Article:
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Michael Cohen's former lawyer Lanny Davis discusses Trump verdict


A lot of the prosecution's case in former President Donald Trump's hush money trial hung on the testimony of Trump's former fixer and lawyer Michael Cohen. The jury believed that evidence and convicted the former president on all 34 felony charges. This is despite the fact that Trump's defense tried to paint Cohen as, quote, "a convicted liar." Lanny Davis represented Michael Cohen in his testimony before Congress and when he pleaded guilty to tax fraud charges and violations of campaign finance laws and joins us now. Lanny Davis, welcome to ALL THINGS CONSIDERED.

LANNY DAVIS: Thank you. I hope we can talk about the evidence, and I simply tip my hat to Michael Cohen for his bravery and what he went through to make all this possible. But I'd like to talk about the evidence and not about my client.

DETROW: How do you differentiate those two? Because the evidence was about Michael Cohen's personal character, so - or the arguments in court were so much so.

DAVIS: So I differentiate, as I've been saying for a while now, that this whole case is about documents and testimony. Michael Cohen has been a faithful and credible narrator of documents that speak for themselves and cannot be disputed. And that's why the verdict was so quick, because the documents don't lie.

DETROW: What was the most important document to you?

DAVIS: Oh, by far the one that Mr. Weisselberg, who's the closest person to Donald Trump - in fact, he's in jail and refused to testify because he's so close to Mr. Trump - he wrote out the numbers in his own handwriting, admitted into evidence in a smoking-gun document. The $130,000 that was paid to Stormy Daniels was on that sheet of paper multiplied by two. There's no way that that $130,000 can be legal fees. And the division ended up with $35,000 a month of reimbursements.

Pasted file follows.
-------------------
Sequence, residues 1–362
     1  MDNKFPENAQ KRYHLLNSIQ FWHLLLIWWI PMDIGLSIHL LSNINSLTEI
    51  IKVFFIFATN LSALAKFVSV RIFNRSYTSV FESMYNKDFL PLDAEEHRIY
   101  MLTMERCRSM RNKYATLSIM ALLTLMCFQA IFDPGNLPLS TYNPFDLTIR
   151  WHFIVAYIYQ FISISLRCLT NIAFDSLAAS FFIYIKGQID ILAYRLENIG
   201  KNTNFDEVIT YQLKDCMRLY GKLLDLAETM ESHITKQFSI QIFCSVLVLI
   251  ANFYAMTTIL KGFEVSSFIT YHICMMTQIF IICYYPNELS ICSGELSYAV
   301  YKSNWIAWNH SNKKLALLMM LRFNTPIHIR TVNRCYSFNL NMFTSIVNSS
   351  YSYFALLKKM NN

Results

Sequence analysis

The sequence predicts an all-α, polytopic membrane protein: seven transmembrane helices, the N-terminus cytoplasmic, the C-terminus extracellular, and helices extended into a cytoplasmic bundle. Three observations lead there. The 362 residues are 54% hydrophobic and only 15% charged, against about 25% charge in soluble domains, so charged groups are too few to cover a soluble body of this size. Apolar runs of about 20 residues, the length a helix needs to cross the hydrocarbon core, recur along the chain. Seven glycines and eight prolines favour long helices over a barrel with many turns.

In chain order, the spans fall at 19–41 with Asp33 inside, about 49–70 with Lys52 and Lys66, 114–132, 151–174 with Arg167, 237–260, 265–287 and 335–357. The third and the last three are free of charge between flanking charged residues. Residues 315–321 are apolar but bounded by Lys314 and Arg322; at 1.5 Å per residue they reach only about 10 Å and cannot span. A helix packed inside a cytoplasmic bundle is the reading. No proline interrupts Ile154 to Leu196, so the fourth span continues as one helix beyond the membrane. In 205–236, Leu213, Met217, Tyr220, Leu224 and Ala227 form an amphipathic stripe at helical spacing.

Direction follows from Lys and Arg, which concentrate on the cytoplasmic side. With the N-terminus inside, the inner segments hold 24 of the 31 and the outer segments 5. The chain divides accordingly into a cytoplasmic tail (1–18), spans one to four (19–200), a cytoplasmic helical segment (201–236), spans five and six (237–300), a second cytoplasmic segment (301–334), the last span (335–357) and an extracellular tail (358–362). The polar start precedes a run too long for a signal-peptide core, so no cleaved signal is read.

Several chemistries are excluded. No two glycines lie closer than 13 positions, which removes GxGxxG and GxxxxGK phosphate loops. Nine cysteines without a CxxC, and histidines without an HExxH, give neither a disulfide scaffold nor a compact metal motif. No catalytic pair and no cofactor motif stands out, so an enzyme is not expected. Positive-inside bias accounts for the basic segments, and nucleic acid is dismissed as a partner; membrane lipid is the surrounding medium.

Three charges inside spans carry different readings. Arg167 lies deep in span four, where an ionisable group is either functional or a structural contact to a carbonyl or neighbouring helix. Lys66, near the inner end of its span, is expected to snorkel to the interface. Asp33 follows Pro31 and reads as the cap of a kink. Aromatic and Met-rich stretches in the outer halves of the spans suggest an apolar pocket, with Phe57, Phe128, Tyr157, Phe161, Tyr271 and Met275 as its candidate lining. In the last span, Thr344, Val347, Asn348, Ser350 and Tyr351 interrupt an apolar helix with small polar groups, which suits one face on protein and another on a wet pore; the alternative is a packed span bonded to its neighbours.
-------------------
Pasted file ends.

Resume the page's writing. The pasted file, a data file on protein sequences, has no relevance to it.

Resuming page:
So the fact that Mr. Trump lied about them being legal fees when it's impossible to explain the $130,000 to Stormy Daniels as legal fees was a decisive document that couldn't be disputed. You didn't need Michael Cohen. You couldn't possibly dispute the fact that that $130,000 that Weisselberg wrote down as part of the reimbursement of $35,000 a month times 12. It's all about math. It's not about Michael Cohen.

DETROW: And yet both sides seem to paint him as central to the entire case, both the prosecution and the defense. He took up an entire week of testimony on the witness stand. I mean, clearly, he played a big role in this.

DAVIS: So again, I'm not going to comment on Michael other than to tout his bravery and the fact that he's been vindicated. But I do want to mention one other very important fact here - the fact that the defense and Mr. Trump actually challenged the completely indisputable fact that the money was given for campaign purposes and not because of a concern about his wife. David Pecker said that, a close friend of Mr. Trump. Hope Hicks said that, a loyal White House aid and campaign aid. So the jury is being told by Mr. Trump that it was not about campaign when the witnesses closest to him said it was. That is what I mean, that this is about documents and this is about evidence. It's not about one individual.